Behind the Microphone
Until the age of nine, 27-year-old singer-songwriter Jerrod Niemann spent countless hours at a place where a lot of kids start developing their social skills: the skating rink.
His parents owned and operated a rink and arcade in the small ag town of Liberal, Kansas. He acquired some choice profanity from the older skaters, donned the birthday-party Snoopy costume to whiz around and scare the younger customers, and absorbed a steady stream of the FM pop-rock singles you’d expect to hear at a skating rink in the ’80s: “Another One Bites The Dust,” “Walk This Way,” “We Will Rock You,” and others. “They were not big influences,” he said. “They were just what I was around.” It was, instead, his parents’ sound system that sent out the sound waves that did manage to soak into his brain: George Strait, who became an icon to pint-sized Jerrod. After that, it was Garth Brooks, Chris LeDoux, Lefty Frizzell, Willie Nelson, Bob Wills, and a host of other pivotal c&w tunesmiths who eventually helped Niemann become who he is today: an uncommonly gifted, Nashville-based purveyor of ‘60s- and ‘70s-style bad-boy jukebox country.
Niemann had early success as a chart-topping songwriter. He co-wrote Brooks’ recent tribute to LeDoux, who died in 2005, “Good Ride Cowboy,” which went to No. 1 on the Billboard country singles charts. And now that he’s gone solo, he and his backing band, The Saloonitics, are hitting the road for an intense national tour of clubs, fairs, and radio station spots to promote his crafty, irrationally catchy tune “I Love Women (My Momma Can’t Stand).” It’s the first single off his upcoming debut album with Category 5, a new Nashville indie label whose roster also includes veterans like Travis Tritt and Sammy Kershaw. “The longer you hang around Nashville, the more you’re pegged as one thing,” Niemann said. “I’d played my own songs for all the labels and agents a thousand times there, but somehow I became ‘the songwriter,’ and they forgot about the singing part.”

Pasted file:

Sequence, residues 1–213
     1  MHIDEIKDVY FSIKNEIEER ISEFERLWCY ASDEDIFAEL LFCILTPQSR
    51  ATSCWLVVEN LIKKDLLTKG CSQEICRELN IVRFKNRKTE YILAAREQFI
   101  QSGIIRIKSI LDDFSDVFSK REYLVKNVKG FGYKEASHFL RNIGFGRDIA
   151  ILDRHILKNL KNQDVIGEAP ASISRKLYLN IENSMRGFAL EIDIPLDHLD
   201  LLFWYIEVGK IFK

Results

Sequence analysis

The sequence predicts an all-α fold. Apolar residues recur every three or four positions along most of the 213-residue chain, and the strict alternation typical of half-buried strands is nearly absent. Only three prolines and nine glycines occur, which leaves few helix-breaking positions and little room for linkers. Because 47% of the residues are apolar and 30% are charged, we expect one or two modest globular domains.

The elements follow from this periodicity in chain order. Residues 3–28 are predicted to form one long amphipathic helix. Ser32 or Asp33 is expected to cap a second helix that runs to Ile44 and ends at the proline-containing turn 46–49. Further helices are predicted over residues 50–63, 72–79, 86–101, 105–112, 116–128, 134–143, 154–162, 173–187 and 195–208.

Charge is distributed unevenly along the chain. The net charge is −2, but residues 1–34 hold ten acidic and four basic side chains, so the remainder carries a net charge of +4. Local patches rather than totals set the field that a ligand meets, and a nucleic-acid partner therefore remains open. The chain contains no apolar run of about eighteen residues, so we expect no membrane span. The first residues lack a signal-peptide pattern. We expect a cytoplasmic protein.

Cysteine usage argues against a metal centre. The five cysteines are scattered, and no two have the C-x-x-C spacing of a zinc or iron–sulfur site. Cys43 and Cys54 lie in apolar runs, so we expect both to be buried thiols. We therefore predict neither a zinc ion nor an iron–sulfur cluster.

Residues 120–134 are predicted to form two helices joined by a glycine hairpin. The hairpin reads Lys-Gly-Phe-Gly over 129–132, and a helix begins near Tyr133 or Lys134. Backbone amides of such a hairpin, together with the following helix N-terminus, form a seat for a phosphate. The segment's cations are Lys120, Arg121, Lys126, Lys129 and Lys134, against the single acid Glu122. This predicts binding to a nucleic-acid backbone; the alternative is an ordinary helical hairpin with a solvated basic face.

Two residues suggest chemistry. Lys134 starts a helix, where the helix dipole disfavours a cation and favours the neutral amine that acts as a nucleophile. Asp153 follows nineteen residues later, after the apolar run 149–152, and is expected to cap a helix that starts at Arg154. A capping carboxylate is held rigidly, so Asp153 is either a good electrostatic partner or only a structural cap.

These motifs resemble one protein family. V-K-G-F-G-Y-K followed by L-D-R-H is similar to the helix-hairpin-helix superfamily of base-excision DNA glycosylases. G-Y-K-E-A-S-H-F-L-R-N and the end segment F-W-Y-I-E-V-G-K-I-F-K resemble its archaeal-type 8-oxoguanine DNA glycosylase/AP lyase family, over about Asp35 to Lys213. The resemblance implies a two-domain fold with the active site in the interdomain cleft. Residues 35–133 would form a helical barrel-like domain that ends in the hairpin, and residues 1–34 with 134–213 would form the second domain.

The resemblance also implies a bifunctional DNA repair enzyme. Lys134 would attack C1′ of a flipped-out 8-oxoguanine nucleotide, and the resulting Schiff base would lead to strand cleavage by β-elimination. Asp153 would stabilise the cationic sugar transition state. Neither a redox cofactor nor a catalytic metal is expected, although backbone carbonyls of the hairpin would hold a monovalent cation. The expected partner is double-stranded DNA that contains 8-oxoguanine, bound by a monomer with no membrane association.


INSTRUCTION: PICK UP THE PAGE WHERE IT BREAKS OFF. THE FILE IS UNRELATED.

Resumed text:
And so in 2006, not long before Category 5 approached him with a contract, Niemann hired a booking agent, sold his truck, and bought “a 12-seat bus just to get playing on the road and get noticed. “I did it for Nashville’s attention as much for anyone else’s,” he continued, “to remind them, ‘I’m writing these songs for me, too.’ ” In Niemann’s case, it’s somewhat of a compliment that the suits see him as a composer. He writes melodically compelling, honkytonk-flavored ballads and rockers with uncommonly sophisticated images and wordplay in his lyrics. “I Love Women (My Momma Can’t Stand)” is a grin-inducing list of all the qualities that Niemann the narrator digs in a chick: tank tops, four-letter-words, a taste for Jim Beam, and, most priceless of all, “red lipstick on a Daytona tan.” Playful is not Niemann’s only key. With its sharp details, the mournful “Behind This Microphone,” the album’s title track, de-romanticizes the unknown musician’s bohemian lifestyle: “I went to sleep without a bite to eat / Just to fill the gas tank up.” “Yellow Brick Road” is a wistful ode to his Kansas hometown, celebrating its “tornadoes full of hell and rain” and ultimately taking an interesting twist. Turns out he’s singing not about some gold-paved journey, but about eventually seeing his name “written in stone” in a Liberal graveyard. Niemann delivers all of it with a rich, back-of-the-throat hayseed purr that recalls idols like George Jones and Conway Twitty.